Imagination takes form in Glasstastic exhibit at BMAC
BRATTLEBORO — To imagine is to picture in the mind something that does not yet exist in reality. To create is to take the imagined idea and give it form.
This process is at the heart of Glasstastic, the Brattleboro Museum and Art Center's bi-annual invitation to children in grades K through six, asking them to draw an imaginary creature and submit it by the deadline. Glassblowers, mostly from New England, are then invited to choose one of the drawings to make in glass in their own studios and send to the BMAC.
The Glasstastic exhibit opens March 9. At the opening, the children who submitted drawings, their parents and teachers, and the glass artists all gather for brunch and to meet each other.
Glasstastic was inspired by the Kids Design Glass program at the Museum of Glass in Tacoma, Washington. This is the fourth time the BMAC has sponsored its own version.
By the December 30, 2018, deadline the BMAC had received over 1,200 submissions (nearly five times the number of entries received in 2011, the first year of the project). Linda Whelihan, education curator for the BMAC, looked at every one. Each of the 20 participating glass artists selected one drawing to make into a sculpture. The 20 sculptures will be on exhibit at the BMAC from March 9 to June 16. Every drawing submitted by the deadline will be exhibited in some manner at the museum.
Rachel Mangean, art educator at Green Street School in Brattleboro, said she adores the Glasstastic contest.
"I introduced it to all my classes, kindergarten through sixth grade," she said. "We imagined the weirdest, kindest, scariest things we could. Then I let them go free, drawing their own creature. The creativity and imagination that come from this project — amazing."
Jennifer Towle, who teaches art at Hinsdale Elementary School in Hinsdale, N.H., said her students "really enjoy the idea of creating original creatures and readily jump into the artistic process. They are quite excited to learn that if they decide to enter the contest, their designs will be on display in a museum."
Anna Chechile, in grade five at St. Michael School in Brattleboro, said the name of her creature is "Stoun, and that is parts of the words stars, sun, and moon."
Andrew Weill chose her piece to turn into sculpture.
Chechile's art teacher, Deborah Pickering, described how she introduced her classes to Glasstastic.
"We discussed how glass sculptures are made and then looked at some of the creations from previous years," she said. "After that I had my students think about their creatures, imagining where they live, what they enjoy doing, what they look like. From there, I let my students' imaginations run wild. The students loved the freedom to create their very own imaginary creature."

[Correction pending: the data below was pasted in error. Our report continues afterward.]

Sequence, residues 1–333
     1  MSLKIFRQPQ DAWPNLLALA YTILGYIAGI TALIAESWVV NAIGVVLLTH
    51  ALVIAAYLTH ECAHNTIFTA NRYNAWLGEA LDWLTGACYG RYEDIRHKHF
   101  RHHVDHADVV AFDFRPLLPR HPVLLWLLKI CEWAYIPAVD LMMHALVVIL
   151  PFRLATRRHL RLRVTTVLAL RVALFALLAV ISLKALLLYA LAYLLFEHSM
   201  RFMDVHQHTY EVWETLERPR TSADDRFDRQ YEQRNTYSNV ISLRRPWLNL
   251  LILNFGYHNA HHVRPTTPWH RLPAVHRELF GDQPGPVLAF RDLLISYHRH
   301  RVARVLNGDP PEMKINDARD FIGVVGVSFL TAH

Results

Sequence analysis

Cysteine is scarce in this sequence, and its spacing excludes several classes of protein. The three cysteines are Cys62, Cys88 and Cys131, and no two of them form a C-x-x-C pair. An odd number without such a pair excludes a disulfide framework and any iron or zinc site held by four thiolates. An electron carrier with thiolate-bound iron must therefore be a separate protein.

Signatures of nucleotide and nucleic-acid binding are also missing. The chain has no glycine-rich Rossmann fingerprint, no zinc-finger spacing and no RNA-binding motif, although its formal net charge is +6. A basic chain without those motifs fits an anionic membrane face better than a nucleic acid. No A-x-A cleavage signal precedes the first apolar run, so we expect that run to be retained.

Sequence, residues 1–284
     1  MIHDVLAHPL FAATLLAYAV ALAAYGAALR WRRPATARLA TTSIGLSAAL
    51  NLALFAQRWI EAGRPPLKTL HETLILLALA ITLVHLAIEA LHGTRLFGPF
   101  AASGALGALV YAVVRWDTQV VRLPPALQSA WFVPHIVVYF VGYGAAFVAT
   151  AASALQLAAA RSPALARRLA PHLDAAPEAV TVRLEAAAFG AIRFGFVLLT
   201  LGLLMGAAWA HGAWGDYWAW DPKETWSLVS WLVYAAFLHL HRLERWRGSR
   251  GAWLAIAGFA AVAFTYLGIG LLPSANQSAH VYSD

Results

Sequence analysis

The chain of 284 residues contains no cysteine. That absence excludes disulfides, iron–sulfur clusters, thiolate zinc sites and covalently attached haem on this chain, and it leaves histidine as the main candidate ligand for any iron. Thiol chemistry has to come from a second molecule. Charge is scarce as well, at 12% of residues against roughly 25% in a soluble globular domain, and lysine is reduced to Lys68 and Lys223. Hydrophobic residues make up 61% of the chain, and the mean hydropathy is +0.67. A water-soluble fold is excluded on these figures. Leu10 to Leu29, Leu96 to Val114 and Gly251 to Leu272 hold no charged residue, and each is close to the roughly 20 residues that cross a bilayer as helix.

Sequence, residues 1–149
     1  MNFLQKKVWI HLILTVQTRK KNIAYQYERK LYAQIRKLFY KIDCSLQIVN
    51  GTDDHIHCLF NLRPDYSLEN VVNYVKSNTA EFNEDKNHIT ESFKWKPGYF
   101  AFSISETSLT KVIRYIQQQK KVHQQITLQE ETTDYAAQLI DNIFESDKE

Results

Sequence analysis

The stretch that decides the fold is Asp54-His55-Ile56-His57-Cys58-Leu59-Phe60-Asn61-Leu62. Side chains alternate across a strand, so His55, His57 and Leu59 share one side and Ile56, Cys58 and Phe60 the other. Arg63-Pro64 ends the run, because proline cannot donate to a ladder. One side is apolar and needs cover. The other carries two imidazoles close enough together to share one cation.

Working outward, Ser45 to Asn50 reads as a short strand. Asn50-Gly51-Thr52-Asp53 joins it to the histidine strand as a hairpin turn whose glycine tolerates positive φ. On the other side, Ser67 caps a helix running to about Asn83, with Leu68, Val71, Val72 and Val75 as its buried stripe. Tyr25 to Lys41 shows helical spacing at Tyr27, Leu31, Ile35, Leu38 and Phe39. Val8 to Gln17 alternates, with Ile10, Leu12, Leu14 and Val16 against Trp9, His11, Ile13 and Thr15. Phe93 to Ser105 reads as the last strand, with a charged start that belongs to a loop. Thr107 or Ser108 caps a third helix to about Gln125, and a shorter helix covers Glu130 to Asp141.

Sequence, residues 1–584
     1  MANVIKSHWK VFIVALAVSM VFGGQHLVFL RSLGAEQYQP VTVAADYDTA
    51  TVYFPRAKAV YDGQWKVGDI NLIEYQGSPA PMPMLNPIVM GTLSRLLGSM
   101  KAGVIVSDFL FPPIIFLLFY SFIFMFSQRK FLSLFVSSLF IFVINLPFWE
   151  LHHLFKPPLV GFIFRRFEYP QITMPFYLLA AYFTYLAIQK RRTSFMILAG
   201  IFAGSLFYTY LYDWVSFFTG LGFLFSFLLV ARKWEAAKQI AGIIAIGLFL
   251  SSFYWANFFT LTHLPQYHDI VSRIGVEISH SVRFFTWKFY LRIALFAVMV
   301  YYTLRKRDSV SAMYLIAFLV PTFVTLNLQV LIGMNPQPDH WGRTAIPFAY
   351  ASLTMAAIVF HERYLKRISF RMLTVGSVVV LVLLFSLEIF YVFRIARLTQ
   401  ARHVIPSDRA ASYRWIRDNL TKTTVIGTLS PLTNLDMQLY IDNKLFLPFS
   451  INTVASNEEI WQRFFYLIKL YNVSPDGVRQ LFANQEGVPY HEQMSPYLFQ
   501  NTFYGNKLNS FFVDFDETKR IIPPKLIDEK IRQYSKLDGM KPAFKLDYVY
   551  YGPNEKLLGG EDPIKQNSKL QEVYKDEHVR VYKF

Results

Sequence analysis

The glass artists find the children's creations technically challenging to create in a three-dimensional medium. For example, Robert DuGrenier, who has made elaborate glass chandeliers for the Harry Winston jewelry stores and other pieces for Tiffany & Company, has said in the past that making a multi-colored inchworm for Glasstastic was one of the hardest things he's ever done. This year, DuGrenier is creating Esabella Amoah's drawing, Hue the Stick, which has required DuGrenier to work with cane — long, thin rods of glass containing color — something he said he hasn't done before.
"It's definitely a labor of love by these glass artists," said Whelihan. "They are paid a token honorarium, but they put in hours and hours experimenting with techniques to achieve the desired effects. Not only do they enjoy the artistic challenge, but they also develop techniques that they can later use in their own work."
Whelihan asked the glass artists why they choose to participate in Glasstastic.
Randi Solin, who moved her studio from California to Brattleboro in 1998, said, "I think Glasstastic is a wonderful opportunity for a young child to have their artwork validated as important. (It's also a way to) do something for the community. It's important to give back."
Solin chose to create Nosey Ned & Nostril Nebby by Graham Long, who is in fourth grade at Flood Brook School, Londonderry.
"I don't really know how I came up with the drawing, really," Graham said in an email. "I just drew the first thing that popped into my mind. Noses! I named them Nosey Ned and Nostril Nebby because nosey and nostril both have to do with noses."
Alissa Faber has been working in glass for a decade. She is currently an artisan, designer, and educator crating and teaching in Burlington.